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SP/DIF and USB D/A converter

[Italian version]

Product: Audial AYA II (USB) DAC
Manufacturer: Audial - Serbia
Cost: 820 €

Reviewer: Nick Whetstone - TNT UK
Reviewed: April, 2008

As more and more of us turn to computer streaming for our source of music, it looks as though the good old CDP is now well in decline! Conversely, and for the same reason, the stand-alone DAC can look forward to increasing popularity. Whether you are looking to convert the data from your PC sound card, or to improve on the output of something like a Squeezebox, a good quality DAC is essential. Accordingly, more and more DACs are being produced with a USB input, as well as the more usual SPDIF connection. The Audial AYA II is one such DAC. The second product of a new(ish) company, it is certainly no hastily designed 'new kid on the block'.

[Audial AYA II USB DAC interior] Audial is the commercial venture of Pedja Rogic. You probably won't have heard that name unless you are into DIY hi-fi. I first came across Mr Rogic in the hey-day of chip amp (or Gainclone) building. In fact, after building goodness knows how many versions of the Gainclone, I landed up with the Pedja Rogic regulated design that I still use today! At the same time that he was designing his Gainclone, PR was also working hard on a DAC based around the good old 1541 DAC chip. He was good enough to share his design, and quite a few people around the world built one. Always the perfectionist, the DAC that was to become known as 'The Model' (the first Audial product) was further refined over the years. In fact, the design became so perfected that it evolved into another model, appropriately called 'The Model II', and that will be sold by Audial later this year. The AYA is basically an improved version of his previous DAC's, and a cut-down version of 'The Model' in order to offer a DAC that will be affordable to a wider audience. Audial are keen to make it clear that the AYA II is still a top quality DAC using top quality parts but at the price can't adopt some of the other 'cost-no-object' features that are to be found on the 'The Model'.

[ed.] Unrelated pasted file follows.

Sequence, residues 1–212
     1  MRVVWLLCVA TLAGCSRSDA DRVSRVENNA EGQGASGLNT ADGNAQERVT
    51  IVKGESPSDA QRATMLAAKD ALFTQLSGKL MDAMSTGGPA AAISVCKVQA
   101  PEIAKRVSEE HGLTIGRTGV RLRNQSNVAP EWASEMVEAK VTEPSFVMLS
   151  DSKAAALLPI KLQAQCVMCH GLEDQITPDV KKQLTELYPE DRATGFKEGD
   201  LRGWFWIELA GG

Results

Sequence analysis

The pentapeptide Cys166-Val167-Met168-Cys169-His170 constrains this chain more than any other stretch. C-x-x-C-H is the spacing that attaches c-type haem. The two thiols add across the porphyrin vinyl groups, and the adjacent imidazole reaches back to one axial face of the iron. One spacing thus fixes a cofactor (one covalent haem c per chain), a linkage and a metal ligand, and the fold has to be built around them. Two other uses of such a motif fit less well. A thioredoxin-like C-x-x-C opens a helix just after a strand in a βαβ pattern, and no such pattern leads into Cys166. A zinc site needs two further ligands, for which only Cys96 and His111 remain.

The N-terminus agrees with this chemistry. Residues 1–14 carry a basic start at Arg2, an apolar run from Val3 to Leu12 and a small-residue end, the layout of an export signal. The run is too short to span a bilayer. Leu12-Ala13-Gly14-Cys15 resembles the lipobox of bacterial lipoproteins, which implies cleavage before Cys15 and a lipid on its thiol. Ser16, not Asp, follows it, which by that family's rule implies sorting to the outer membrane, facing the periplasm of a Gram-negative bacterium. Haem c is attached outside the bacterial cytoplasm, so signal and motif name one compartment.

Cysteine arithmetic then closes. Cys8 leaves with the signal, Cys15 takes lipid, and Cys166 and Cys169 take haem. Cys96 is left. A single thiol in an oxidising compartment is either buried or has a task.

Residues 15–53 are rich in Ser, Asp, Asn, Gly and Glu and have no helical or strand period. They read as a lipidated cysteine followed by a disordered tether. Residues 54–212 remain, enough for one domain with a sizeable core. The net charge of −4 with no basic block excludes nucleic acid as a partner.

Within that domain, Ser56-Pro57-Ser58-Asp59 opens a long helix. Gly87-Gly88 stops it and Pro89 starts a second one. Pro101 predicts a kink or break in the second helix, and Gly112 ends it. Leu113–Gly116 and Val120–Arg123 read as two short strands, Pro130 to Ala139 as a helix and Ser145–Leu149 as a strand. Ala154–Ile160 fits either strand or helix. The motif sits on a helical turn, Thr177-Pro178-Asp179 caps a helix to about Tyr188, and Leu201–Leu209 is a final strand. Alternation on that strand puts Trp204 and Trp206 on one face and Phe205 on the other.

The AYA II is a conservatively styled piece of equipment in a rectangular satin black case. The front panel sports three LED's, one to show that the DAC is powered up, one to indicate an SPDIF signal is locked on, and one to show when a USB signal is present. The back panel includes an IEC inlet, a USB socket, a BNC connector for SPDIF input, and the two phono sockets for audio out.